Then I started up river, having to push the pole with only one hand on account of one being injured. I got there ahead of him and tied up. When he came we moved up river farther and made camp. How the fellows razzed him about his bragging.
They started up river hunting, and the first thing that happened was that they got lost, and had to stay in the woods over night. Mr. Taylor was wearing a pair of long rubber boots. His feet became badly blistered from stumbling over the rough ground in the darkness, and were swollen from exhaustion. They stayed out another night and Taylor didn't take off his boots at all or look at his feet.
By the time they got back to the Lake one of his feet was developing gangrene. Father bandaged it the best he could, then started down river with him to get him to a doctor as quickly as possible. My hand was healing and I had gone to the Indian Agency for another load of freight when this happened. I met them coming down. Taylor had his foot stuck up high in the canoe. It was well bandaged and wrapped in blankets but Father didn't have much to treat it with except carbolic acid.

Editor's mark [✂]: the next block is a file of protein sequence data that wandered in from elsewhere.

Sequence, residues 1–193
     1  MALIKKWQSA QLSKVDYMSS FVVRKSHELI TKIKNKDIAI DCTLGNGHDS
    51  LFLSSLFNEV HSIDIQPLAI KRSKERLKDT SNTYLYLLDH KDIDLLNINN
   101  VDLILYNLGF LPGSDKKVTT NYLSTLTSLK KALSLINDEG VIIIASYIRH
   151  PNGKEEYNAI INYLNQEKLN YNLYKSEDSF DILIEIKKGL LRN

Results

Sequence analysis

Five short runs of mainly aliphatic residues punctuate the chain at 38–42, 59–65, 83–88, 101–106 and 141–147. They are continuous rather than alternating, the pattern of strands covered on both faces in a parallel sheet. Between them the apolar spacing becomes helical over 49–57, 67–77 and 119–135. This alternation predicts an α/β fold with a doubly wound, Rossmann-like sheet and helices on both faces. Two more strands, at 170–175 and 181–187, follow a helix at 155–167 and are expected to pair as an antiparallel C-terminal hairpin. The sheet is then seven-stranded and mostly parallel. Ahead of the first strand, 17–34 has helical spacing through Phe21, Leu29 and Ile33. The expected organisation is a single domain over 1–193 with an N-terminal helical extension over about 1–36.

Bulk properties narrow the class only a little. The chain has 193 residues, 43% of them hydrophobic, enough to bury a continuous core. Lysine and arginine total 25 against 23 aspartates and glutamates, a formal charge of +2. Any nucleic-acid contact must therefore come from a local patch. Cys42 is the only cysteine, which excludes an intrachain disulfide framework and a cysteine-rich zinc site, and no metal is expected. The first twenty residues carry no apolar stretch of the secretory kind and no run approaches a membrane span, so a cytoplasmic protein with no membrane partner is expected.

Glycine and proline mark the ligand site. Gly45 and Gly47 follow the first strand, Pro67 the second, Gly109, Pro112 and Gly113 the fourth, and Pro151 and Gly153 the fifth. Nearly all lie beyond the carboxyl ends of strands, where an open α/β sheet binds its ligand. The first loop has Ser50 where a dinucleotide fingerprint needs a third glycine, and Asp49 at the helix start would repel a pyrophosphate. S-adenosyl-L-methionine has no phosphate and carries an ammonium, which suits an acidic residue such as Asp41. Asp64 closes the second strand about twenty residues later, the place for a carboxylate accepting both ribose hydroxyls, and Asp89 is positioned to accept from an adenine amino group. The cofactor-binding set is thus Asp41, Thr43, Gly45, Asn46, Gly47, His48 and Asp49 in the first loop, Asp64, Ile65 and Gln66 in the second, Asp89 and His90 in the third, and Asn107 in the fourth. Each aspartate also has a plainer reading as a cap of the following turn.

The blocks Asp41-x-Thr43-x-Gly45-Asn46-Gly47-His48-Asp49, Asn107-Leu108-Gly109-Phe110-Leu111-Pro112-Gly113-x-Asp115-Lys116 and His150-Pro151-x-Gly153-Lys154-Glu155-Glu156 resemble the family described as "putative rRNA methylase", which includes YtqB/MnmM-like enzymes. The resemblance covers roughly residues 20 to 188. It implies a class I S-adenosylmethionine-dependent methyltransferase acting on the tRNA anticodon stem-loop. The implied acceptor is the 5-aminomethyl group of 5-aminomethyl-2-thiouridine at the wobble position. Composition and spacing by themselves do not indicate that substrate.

Three of the hunters stayed all winter. One man from Ocasta had joined the party at Hoquiam. When he found that there were no bear to be taken, and that there was no work to be done around Quinault, he decided to go back home. "I have a wife and baby and I must get some work", he said. He was lame and sore, and dreaded the long trip back. So, I told him that when Father got home he could take him back down with him on his next trip for supplies. He said he had a five-pound can of powder, some lead for the gun and some bullets, and he would be glad to exchange them for the ride down river. We agreed.
One of the Olson boys and two Peterson boys came one day to the Lake but had no boat. They could see Gilman's house across the Lake. So the three of them gathered up drift wood and made a sort of raft. One of the Petersons couldn't swim. They put their packs in the center of the raft. They laid down, hooked their toes over one side of the packs and their hands on the other side. The one who couldn't swim hung on for dear life while the others paddled. And they made it.